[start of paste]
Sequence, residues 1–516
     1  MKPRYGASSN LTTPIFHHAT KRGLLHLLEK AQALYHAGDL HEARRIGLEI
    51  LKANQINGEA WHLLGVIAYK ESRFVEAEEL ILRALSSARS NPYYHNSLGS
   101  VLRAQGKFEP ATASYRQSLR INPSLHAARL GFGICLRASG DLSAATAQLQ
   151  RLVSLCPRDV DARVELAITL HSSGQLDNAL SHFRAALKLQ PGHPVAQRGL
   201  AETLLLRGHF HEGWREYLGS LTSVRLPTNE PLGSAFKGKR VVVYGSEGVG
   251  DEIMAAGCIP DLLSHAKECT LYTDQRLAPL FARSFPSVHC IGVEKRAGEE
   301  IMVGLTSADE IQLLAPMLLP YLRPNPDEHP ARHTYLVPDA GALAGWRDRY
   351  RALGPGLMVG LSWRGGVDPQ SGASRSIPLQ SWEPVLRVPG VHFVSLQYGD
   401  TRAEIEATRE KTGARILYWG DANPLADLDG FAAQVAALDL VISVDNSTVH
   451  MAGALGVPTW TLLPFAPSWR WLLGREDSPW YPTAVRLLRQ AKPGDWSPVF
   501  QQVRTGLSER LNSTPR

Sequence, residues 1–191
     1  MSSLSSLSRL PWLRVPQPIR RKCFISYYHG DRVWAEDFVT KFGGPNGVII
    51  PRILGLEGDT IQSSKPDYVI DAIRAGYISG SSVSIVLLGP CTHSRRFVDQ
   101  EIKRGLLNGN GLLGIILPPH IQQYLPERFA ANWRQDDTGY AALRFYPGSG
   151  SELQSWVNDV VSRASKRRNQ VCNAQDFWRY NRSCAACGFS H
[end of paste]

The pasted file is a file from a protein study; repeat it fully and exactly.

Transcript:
Sequence, residues 1–516
     1  MKPRYGASSN LTTPIFHHAT KRGLLHLLEK AQALYHAGDL HEARRIGLEI
    51  LKANQINGEA WHLLGVIAYK ESRFVEAEEL ILRALSSARS NPYYHNSLGS
   101  VLRAQGKFEP ATASYRQSLR INPSLHAARL GFGICLRASG DLSAATAQLQ
   151  RLVSLCPRDV DARVELAITL HSSGQLDNAL SHFRAALKLQ PGHPVAQRGL
   201  AETLLLRGHF HEGWREYLGS LTSVRLPTNE PLGSAFKGKR VVVYGSEGVG
   251  DEIMAAGCIP DLLSHAKECT LYTDQRLAPL FARSFPSVHC IGVEKRAGEE
   301  IMVGLTSADE IQLLAPMLLP YLRPNPDEHP ARHTYLVPDA GALAGWRDRY
   351  RALGPGLMVG LSWRGGVDPQ SGASRSIPLQ SWEPVLRVPG VHFVSLQYGD
   401  TRAEIEATRE KTGARILYWG DANPLADLDG FAAQVAALDL VISVDNSTVH
   451  MAGALGVPTW TLLPFAPSWR WLLGREDSPW YPTAVRLLRQ AKPGDWSPVF
   501  QQVRTGLSER LNSTPR

Sequence, residues 1–191
     1  MSSLSSLSRL PWLRVPQPIR RKCFISYYHG DRVWAEDFVT KFGGPNGVII
    51  PRILGLEGDT IQSSKPDYVI DAIRAGYISG SSVSIVLLGP CTHSRRFVDQ
   101  EIKRGLLNGN GLLGIILPPH IQQYLPERFA ANWRQDDTGY AALRFYPGSG
   151  SELQSWVNDV VSRASKRRNQ VCNAQDFWRY NRSCAACGFS H